Drought concerns grow in central, western Kansas
DORRANCE, Kan. (KWCH) - Drought conditions in western Kansas are growing dire. Some areas, like northwest Kansas, are about five inches below normal for rainfall this year, and it could mean trouble for crops like winter wheat.
Dorrance farmer Nate Pasek says area farmers try to get their wheat started by mid-September, and even allow their livestock to graze on the wheat. But this year, the moisture needed to do that is missing.
The concern isn’t as great in central Kansas, but Pasek says that could change if it doesn’t rain in over the 30 to 45 days. He says the subsoil will struggle to build back up by spring if there is no rain.
“So far, we’ve had a pretty warm winter, and the longer it stays warm the crops continue to grow, which uses more moisture. Normally by now, our crops are kind of dormant and just hanging on until it warms back up in the spring, but right now, they haven’t been told to shut down yet, so they’re still pulling moisture out of the ground and trying to grow,” said Pasek.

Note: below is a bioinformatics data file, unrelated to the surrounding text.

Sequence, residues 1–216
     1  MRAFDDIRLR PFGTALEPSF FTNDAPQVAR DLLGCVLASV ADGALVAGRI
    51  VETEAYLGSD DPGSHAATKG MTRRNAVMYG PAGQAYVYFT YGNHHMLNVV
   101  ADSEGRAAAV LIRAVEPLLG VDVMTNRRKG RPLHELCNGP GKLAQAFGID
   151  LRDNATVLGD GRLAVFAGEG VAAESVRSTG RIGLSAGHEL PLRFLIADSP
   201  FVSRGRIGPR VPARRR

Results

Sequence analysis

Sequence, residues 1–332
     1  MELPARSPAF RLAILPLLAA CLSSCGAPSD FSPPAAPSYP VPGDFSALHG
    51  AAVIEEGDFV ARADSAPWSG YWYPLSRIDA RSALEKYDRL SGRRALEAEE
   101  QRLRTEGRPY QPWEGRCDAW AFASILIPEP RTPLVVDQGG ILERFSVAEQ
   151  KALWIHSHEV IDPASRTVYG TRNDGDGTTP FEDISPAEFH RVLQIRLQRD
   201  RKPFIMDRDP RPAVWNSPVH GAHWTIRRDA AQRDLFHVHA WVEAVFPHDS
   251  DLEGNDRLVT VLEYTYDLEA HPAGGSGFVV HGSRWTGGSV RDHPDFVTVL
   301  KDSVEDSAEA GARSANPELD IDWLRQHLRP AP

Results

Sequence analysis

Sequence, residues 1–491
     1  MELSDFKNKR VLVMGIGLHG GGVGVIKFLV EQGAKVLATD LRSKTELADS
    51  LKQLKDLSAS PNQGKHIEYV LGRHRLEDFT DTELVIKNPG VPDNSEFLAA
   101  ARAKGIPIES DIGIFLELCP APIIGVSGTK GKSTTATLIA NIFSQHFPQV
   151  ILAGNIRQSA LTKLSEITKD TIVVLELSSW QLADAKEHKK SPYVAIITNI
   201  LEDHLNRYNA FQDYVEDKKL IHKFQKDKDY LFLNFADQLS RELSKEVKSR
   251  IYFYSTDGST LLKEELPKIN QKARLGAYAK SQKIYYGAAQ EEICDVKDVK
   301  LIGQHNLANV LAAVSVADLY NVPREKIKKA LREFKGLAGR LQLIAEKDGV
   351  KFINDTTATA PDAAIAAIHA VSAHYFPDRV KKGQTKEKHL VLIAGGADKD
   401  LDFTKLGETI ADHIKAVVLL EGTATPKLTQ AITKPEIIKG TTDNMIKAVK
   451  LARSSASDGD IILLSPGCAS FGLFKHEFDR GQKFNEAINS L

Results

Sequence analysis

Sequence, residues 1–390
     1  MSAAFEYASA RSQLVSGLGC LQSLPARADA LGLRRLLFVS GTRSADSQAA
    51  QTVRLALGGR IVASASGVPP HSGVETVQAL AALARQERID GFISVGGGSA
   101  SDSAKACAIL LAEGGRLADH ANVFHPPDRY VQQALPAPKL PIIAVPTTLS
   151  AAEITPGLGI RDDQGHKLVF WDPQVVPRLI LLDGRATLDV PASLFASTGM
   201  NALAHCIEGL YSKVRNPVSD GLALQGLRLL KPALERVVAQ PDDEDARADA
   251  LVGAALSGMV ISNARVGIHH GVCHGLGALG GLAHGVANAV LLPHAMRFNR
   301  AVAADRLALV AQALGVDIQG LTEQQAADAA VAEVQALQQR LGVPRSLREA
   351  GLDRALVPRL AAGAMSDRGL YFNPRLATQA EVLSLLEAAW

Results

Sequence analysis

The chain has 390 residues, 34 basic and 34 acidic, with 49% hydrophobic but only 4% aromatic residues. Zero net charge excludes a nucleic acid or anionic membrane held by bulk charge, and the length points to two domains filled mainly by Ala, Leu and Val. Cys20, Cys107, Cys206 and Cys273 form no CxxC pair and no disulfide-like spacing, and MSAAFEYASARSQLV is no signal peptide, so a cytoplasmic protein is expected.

Salina had its last recorded rainfall over a month ago, and the latest drought map shows the situation worsening the farther west you go.
“I got some guys in Colorado I have sold some hay to just to help them out and keep them moving. And I talked to them guys and they are still way behind on moisture,” said Pasek.
Guorong Zhang with the Kansas State Agricultural Research Center in Hays says the drought situation in Kansas is the worst he’s seen in ten years - for this time of the year.
“I hope the weather can cool down a little bit so the wheat will slow down the growth and then kind of slow down taking up the soil moisture,” said Zhang.
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